Remembrance Day for Lost Species, November 30th, is a chance each year to explore the stories of extinct and critically endangered species, cultures, lifeways, and ecological communities.
Whilst emphasising that these losses are rooted in violent and discriminatory governing practices, the day provides an opportunity for participants to make or renew commitments to all who remain, and to develop creative and practical solutions.1
To support their assumption that creatures go extinct because of humans, many researchers have pointed fingers at the passenger pigeon (extinct). As recently as 1850, passenger pigeons were the most abundant bird in North America, and possibly even the world, with billions of birds alive in the early nineteenth century. They flew in dense flocks of thousands, so thick they could block the sun and darken the earth. Some legends say that a flock of passenger pigeons could mimic a solar eclipse.
But while passenger pigeons soared in the low skies, European settlers, colonists, and Americans were expanding their population. The pigeons could pester farmers and the environment alike. They often settled their dense cohort in just a few trees, their weight breaking branches, their droppings sometimes killing tree roots and other vegetation. Often farmers killed them the way one might shoot a rabbit, squirrel, or deer in the garden.
But unfortunately for the passenger pigeon, humans developed a taste for their silky, dark flesh, which likely resembled squab from other pigeons that humans still eat today. They became wildly hunted, and easily so, given their propensity to fly lower to the ground and in vast numbers. Children could knock them out with stones and potatoes; men assaulted them with sticks. Soon they were a highly marketable franchise. It seemed impossible for birds numbered in the billions to go extinct at human hands. No one worried about supply and demand.
But by 1900, most passenger pigeons alive existed in sanctuaries and zoos. On September 1, 1914, the final passenger pigeon, called Martha after Martha Washington, died in the Cincinnati Zoo.
Remembrance Day for Lost Species—in Perspective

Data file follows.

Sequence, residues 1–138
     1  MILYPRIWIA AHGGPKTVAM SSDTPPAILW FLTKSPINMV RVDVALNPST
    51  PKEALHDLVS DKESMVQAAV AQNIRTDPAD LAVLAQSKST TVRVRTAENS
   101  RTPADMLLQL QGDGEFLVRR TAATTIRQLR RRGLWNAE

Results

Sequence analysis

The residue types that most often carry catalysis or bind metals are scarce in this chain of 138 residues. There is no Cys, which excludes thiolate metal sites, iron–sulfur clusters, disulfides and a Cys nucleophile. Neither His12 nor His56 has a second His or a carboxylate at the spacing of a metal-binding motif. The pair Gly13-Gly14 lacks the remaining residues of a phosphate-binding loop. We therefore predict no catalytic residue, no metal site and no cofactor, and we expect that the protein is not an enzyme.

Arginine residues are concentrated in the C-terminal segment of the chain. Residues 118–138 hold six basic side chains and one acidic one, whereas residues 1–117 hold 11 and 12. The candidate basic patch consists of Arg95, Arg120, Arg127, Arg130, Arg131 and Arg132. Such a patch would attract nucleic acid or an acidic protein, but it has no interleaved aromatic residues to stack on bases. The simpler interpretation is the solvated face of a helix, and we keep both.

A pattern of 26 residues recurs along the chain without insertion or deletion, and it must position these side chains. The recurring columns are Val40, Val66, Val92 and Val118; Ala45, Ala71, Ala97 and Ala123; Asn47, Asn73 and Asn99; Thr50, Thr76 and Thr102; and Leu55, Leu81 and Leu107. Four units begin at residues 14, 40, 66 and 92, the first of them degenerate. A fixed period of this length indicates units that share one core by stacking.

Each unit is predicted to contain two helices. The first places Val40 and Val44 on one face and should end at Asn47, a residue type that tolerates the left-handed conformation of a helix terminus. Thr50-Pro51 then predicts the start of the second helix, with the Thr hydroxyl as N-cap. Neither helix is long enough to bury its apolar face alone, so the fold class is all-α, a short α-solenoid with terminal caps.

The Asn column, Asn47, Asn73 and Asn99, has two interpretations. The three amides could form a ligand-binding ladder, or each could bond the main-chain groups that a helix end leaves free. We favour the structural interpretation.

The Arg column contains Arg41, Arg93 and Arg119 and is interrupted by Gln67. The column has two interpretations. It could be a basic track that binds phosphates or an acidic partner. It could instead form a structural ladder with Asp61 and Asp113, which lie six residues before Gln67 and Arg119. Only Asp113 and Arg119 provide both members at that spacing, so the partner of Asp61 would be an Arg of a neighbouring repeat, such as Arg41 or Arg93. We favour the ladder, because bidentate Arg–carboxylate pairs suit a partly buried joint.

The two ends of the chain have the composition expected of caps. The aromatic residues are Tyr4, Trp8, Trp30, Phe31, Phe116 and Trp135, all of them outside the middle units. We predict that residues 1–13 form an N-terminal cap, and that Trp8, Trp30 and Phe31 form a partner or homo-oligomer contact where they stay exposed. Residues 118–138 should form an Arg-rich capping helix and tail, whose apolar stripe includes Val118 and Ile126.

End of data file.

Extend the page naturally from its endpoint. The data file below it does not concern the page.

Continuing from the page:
How could birds numbered in the billions in 1850 be extinct by 1914? That question is still a matter of some debate among ornithologists.
How could birds numbered in the billions in 1850 be extinct by 1914? That question is still a matter of some debate among ornithologists. Recent research has revealed that “the passenger pigeon genome had surprisingly low diversity compared to the overall size of their population.”2 Normally, vast populations of a species have a more diverse genome. That diversity helps keep them alive and thriving. A close look at passenger pigeons also revealed that the bird typically laid only one egg at a time, making the death-to-birth ratio remarkably unsustainable.
The passenger pigeon simply did not have the genetic diversity or makeup to survive the vast hunting practices of the nineteenth century. And humans at that time knew little to nothing about genome diversity and the fragility of those seemingly abundant birds.
The philosophy behind Remembrance Day for Lost Species is flawed: not all extinctions result from violent or discriminatory governing practices. After Noah’s catastrophic flood, many animal species could no longer survive in earth’s new conditions, and species have been dying off ever since (see Dr. Jeanson’s articles explaining this fact here). Such a sad fact is evidence of the curse because of Adam’s sin.
Irresponsible animal killings, however, have resulted in many extinctions and endangered species. Such reckless hunting violates our biblical mandate to steward God’s creation: “The Lord God took man and put him in the garden of Eden to work it and keep it” (Genesis 2:15). It’s impossible to know whether nineteenth-century hunters were irresponsibly hunting passenger pigeons. With the absence of science, they likely didn’t think that vast numbers of birds would die off so quickly. Did they hunt more than necessary for dishonest monetary gain? It’s possible and likely.
The Purpose of Remembrance: Extinct Passenger Pigeon’s Legacy
Remembering lost species is essential because it reminds us of our God-given duty and of the wonders of his vast and beautiful creation.
Remembrance Day for Lost Species has some faulty philosophies, specifically that of elevating animals to equal or greater importance than humans and ignoring the results of the worldwide flood on creation. Humans are not equal to animals because humans are made in the image of God (Genesis 1:27).
But animals are valuable. The extinct passenger pigeon is important because it sparked many responsible hunting laws, widespread wildlife awareness, and some of the first conservation efforts that honor God’s mandate to us to steward his creation. Remembering lost species is essential because it reminds us of our God-given duty and of the wonders of his vast and beautiful creation. It’s a chance to explore the stories of extinct and critically endangered species, teaching us of God’s creation, gracious designs, and special purposes for each creature.
O Lord, how manifold are your works! In wisdom have you made them all; the earth is full of your creatures . . . . May the glory of the Lord endure forever; may the Lord rejoice in his works (Psalm 104:1–31).
Schaeffer, Francis, and Udo W. Middelmann. Pollution and the Death of Man. Wheaton, IL: Crossway, 2011.
Wilson, Gordon. A Different Shade of Green. Moscow, Idaho: Canon Press, 2019.